There’s a reason spring feels so invigorating.
After a long winter, it’s exciting to see the first buds on trees and to experience more sunny days and clear skies. We’re much like nature — we’ve been hibernating, and now it’s time to wake up.
This is a process of moving from one mode to another. Over the colder months, you may have had more time indoors. You may have been less active and more contemplative, less proactive and more reflective. Now it’s time for inspired action, movement, and an outward focus.
To make the most of the shifting season, it’s important to start with a thorough cleansing. You’re probably well-acquainted with spring cleaning your home, but have you considered cleaning your mental and emotional space too? The transitional time of spring is perfect for doing a complete refresh, not just of our homes, but of our entire being.
In this article, you’ll learn how to rejuvenate your emotions, identify things to get rid of, change your perspective on problems, and much more. Are you ready to start your spring off the right way? Let’s get into it!
#1: Identify Any Unfinished Business
When it comes to emotional spring cleaning, the first order of the day should be to lighten your emotional load. We all carry unfinished business around with us, whether it’s from a painful break-up, a traumatic experience, or just the day to day arguments and disappointments that are a part of life.
Sometimes we’re able to deal with the emotional repercussions of painful experiences easily and quickly. Other times, we’re forced to suppress or repress those feelings to get back to adulting and move forward with life. Too often we push feelings aside, and that unfinished emotional business takes a toll on us, even if we’re not consciously aware of it.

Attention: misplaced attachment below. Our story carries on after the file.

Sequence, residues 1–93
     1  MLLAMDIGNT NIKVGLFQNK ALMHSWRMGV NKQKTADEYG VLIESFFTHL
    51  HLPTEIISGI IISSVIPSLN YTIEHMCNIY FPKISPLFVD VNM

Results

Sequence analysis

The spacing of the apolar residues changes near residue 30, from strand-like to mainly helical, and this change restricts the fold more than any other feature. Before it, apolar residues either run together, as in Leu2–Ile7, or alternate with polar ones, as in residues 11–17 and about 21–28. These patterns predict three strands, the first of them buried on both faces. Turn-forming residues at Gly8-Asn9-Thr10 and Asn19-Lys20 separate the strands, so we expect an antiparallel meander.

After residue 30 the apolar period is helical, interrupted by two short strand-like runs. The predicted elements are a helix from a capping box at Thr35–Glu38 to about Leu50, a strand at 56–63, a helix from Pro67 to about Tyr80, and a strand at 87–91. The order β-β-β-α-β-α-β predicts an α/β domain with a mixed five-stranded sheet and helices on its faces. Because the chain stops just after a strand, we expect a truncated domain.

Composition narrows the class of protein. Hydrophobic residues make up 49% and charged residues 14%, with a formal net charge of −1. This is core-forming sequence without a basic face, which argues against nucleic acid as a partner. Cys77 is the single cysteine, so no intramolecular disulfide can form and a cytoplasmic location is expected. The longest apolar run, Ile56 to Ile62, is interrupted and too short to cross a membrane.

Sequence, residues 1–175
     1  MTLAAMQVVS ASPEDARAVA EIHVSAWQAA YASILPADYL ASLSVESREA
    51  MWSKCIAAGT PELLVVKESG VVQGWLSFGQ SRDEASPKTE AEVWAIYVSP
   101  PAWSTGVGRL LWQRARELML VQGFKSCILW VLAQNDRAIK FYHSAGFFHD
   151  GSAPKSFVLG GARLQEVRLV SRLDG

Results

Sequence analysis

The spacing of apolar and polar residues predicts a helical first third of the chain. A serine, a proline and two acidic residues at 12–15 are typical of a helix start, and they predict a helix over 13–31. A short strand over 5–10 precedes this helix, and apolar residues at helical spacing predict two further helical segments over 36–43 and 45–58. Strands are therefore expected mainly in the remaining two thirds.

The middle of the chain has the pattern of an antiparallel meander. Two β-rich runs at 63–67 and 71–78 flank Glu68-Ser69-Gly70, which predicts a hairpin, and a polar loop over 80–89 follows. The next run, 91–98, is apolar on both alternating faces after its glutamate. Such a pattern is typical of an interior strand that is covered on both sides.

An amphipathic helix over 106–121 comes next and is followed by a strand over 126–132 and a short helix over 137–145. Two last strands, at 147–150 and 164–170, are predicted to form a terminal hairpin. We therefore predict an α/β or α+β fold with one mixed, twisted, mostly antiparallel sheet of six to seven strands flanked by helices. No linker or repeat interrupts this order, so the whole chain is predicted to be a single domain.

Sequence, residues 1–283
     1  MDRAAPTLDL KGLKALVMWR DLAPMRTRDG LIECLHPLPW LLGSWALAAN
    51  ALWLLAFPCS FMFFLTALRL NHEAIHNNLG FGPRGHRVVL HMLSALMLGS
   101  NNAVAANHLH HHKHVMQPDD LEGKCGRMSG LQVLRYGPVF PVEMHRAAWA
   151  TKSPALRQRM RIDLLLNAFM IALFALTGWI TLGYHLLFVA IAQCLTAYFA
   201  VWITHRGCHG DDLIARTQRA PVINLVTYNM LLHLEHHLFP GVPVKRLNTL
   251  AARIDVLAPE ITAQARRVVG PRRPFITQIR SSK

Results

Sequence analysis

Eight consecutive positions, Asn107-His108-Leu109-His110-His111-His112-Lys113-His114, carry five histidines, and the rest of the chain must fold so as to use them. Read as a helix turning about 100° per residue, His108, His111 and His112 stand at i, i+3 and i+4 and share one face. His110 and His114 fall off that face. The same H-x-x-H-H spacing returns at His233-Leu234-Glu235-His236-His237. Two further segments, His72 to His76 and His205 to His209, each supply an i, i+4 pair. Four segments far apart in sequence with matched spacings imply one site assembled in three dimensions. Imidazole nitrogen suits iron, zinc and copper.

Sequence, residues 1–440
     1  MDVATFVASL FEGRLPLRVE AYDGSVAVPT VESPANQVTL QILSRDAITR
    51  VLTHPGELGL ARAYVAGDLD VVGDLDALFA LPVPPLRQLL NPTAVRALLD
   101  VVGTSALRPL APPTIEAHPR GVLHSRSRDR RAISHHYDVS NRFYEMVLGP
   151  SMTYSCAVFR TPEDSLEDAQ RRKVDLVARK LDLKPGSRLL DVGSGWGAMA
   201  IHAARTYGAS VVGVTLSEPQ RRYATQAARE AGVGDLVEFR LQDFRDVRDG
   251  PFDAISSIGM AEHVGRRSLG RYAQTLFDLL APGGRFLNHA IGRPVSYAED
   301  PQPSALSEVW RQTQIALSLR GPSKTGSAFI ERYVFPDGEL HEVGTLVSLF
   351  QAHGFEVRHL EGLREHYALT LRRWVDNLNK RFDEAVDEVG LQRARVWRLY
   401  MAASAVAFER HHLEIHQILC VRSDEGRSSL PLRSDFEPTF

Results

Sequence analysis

So, start off by becoming present and curious about your current emotional experience. Maybe you find yourself snapping over something minor or feeling triggered by a scene from a movie. Maybe you’ve had a recurring dream. Could it be that you’ve got a few loose emotional ends to tie up?
For example, you may have had an argument with a friend during the holidays or weren’t given a job you wanted during the fall. The first step is awareness, coupled with self-compassion. Remember that baggage is a part of life and that everyone has it. The question is, what will you do with it?
#2: Allow Yourself to Process Past Pain
There will always be ups, downs, and disappointments in life, so don’t put pressure on yourself to let everything go all at once. However, even picking one or two experiences — recent or not — can be beneficial.
To process past feelings, you might bring to mind the person, circumstance, or experience that bothered you and allow the feelings you’ve pushed aside to bubble up. To facilitate this release, consider journaling, making art, or writing a letter (which you will burn or tear up instead of sending) to channel your emotions. Fully allow yourself to acknowledge what happened and how you feel.